WASHINGTON — In a Paris hotel room on Monday night, Secretary of State Hillary Rodham Clinton found herself juggling the inconsistencies of American foreign policy in a turbulent Middle East. She criticized the foreign minister of the United Arab Emirates for sending troops to quash protests in Bahrain even as she pressed him to send planes to intervene in Libya.
Only the day before, Mrs. Clinton — along with her boss, President Obama — was a skeptic on whether the United States should take military action in Libya. But that night, with Col. Muammar el-Qaddafi’s forces turning back the rebellion that threatened his rule, Mrs. Clinton changed course, forming an unlikely alliance with a handful of top administration aides who had been arguing for intervention.
Within hours, Mrs. Clinton and the aides had convinced Mr. Obama that the United States had to act, and the president ordered up military plans, which Adm. Mike Mullen, chairman of the Joint Chiefs of Staff, hand-delivered to the White House the next day. On Thursday, during an hour-and-a -half meeting, Mr. Obama signed off on allowing American pilots to join Europeans and Arabs in military strikes against the Libyan government.
The president had a caveat, though. The American involvement in military action in Libya should be limited — no ground troops — and finite. “Days, not weeks,” a senior White House official recalled him saying.
The shift in the administration’s position — from strong words against Libya to action — was forced largely by the events beyond its control: the crumbling of the uprising raised the prospect that Colonel Qaddafi would remain in power to kill “many thousands,” as Mr. Obama said at the White House on Friday.
The change became possible, though, only after Mrs. Clinton joined Samantha Power, a senior aide at the National Security Council, and Susan Rice, Mr. Obama’s ambassador to the United Nations, who had been pressing the case for military action, according to senior administration officials speaking only on condition of anonymity. Ms. Power is a former journalist and human rights advocate; Ms. Rice was an Africa adviser to President Clinton when the United States failed to intervene to stop the Rwanda genocide, which Mr. Clinton has called his biggest regret.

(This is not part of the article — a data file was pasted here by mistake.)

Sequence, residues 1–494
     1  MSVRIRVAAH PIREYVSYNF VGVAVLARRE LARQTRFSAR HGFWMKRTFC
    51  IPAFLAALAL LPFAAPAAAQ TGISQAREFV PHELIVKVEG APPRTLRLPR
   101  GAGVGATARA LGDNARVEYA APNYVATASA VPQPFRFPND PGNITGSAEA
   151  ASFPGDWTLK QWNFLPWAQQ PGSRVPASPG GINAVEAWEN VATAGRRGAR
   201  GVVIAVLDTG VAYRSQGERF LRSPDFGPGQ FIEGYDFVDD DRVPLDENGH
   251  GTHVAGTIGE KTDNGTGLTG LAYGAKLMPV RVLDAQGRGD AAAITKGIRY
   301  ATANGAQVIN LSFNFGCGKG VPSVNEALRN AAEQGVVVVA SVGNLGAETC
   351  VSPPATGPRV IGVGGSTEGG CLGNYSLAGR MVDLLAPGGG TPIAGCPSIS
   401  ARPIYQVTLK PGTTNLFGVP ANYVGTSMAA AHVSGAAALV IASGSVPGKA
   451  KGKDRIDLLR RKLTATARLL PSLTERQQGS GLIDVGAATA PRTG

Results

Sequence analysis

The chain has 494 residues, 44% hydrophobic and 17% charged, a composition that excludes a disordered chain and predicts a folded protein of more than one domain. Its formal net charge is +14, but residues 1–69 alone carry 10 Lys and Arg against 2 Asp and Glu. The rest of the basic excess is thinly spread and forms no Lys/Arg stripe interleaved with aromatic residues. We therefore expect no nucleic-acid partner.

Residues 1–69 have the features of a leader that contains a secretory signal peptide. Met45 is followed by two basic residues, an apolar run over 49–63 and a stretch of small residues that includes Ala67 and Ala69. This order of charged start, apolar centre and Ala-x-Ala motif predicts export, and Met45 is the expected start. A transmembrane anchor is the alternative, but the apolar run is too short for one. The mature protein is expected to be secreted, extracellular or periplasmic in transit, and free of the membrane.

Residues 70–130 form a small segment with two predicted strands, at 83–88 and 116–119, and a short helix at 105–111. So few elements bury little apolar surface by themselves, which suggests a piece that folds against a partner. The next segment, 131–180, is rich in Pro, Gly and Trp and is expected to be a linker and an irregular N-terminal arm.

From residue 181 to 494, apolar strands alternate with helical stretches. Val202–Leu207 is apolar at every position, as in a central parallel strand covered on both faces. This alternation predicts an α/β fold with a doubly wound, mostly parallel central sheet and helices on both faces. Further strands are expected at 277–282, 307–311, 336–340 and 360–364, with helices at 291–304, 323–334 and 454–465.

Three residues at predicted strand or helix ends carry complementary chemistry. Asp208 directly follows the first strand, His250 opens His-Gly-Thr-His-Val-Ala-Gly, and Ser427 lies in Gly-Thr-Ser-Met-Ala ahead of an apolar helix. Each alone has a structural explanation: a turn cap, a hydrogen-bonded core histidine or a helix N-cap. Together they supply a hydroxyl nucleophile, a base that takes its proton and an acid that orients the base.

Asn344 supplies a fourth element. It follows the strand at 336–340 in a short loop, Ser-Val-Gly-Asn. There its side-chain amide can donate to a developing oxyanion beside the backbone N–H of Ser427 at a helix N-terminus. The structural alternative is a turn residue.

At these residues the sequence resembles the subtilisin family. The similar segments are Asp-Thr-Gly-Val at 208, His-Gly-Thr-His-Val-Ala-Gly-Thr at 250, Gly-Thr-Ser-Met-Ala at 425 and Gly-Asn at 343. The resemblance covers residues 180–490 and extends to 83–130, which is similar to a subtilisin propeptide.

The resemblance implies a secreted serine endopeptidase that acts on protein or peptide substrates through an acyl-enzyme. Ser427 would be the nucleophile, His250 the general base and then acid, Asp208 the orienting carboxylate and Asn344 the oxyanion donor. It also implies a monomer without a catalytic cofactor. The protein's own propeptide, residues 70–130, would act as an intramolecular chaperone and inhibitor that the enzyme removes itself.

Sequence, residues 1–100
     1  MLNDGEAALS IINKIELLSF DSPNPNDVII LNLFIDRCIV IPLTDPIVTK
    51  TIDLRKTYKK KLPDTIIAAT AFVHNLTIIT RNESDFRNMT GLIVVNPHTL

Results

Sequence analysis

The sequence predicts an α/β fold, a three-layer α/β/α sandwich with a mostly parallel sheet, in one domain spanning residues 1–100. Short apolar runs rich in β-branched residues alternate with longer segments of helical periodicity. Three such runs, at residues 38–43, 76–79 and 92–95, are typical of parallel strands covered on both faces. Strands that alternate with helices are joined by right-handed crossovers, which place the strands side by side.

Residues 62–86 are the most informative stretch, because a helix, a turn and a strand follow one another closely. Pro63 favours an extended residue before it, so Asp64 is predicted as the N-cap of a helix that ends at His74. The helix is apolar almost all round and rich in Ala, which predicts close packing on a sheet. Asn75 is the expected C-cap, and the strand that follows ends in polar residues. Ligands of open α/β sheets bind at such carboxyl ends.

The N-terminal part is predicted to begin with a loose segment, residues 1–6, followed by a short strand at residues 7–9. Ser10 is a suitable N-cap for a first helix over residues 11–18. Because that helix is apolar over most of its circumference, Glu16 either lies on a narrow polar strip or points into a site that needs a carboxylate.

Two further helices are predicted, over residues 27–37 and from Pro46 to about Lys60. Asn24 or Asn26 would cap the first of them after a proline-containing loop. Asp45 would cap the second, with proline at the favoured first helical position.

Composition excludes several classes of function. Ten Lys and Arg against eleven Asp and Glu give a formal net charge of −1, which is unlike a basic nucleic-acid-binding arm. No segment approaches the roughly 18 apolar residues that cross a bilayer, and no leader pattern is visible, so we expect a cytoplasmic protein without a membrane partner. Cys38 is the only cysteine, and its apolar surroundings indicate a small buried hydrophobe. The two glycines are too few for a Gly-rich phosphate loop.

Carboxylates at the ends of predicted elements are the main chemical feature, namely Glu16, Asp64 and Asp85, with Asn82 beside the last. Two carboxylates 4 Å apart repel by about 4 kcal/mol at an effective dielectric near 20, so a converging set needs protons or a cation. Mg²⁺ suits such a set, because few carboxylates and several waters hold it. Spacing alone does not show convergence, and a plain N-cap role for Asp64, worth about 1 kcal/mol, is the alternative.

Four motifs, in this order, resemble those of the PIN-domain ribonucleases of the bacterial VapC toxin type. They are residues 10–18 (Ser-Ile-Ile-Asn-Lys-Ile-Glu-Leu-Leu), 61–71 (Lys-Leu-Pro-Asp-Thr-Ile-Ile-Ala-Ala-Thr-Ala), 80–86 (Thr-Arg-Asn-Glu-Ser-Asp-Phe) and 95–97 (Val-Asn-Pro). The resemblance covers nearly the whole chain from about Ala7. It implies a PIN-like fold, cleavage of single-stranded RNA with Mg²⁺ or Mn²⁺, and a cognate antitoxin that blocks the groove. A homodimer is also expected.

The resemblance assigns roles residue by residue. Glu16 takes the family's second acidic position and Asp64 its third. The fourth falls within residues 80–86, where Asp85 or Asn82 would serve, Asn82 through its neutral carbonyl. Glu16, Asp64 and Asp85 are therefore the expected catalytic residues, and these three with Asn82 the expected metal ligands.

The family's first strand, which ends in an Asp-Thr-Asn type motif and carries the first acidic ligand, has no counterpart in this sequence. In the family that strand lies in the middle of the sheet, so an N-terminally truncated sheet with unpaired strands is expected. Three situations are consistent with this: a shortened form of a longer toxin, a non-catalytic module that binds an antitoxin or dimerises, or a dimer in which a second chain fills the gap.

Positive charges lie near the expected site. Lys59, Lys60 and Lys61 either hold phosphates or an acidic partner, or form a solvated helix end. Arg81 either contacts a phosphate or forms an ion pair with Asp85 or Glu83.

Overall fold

Now, the three women were pushing for American intervention to stop a looming humanitarian catastrophe in Libya.
I hope this isn’t the horrific mess I think it’ll be.
3 thoughts on “Pushed”
And in case there were any doubts that women wouldn’t be “hawkish” enough to run the country in a time of war…
I’ve been afraid this will be labeled Hillary’s war — would be interesting to know which side the sources on this are from….
Based on actual attributions in th article, it looks like Susan Rice provided information directly, as at one point the reporters write about something she said on a telephone call (apparently to both or one of them). Otherwise, there’s a quote from John Kerry, who’s been hawkish on this, from some outside analysts, and then an anonymous administration official.
Rice seems –but this can’t be pinned down– to be supplying the tick-tock.
But the article does seem to place Hillary as the actor who managed to get enough ducks in a row to push Obama into agreement on action.
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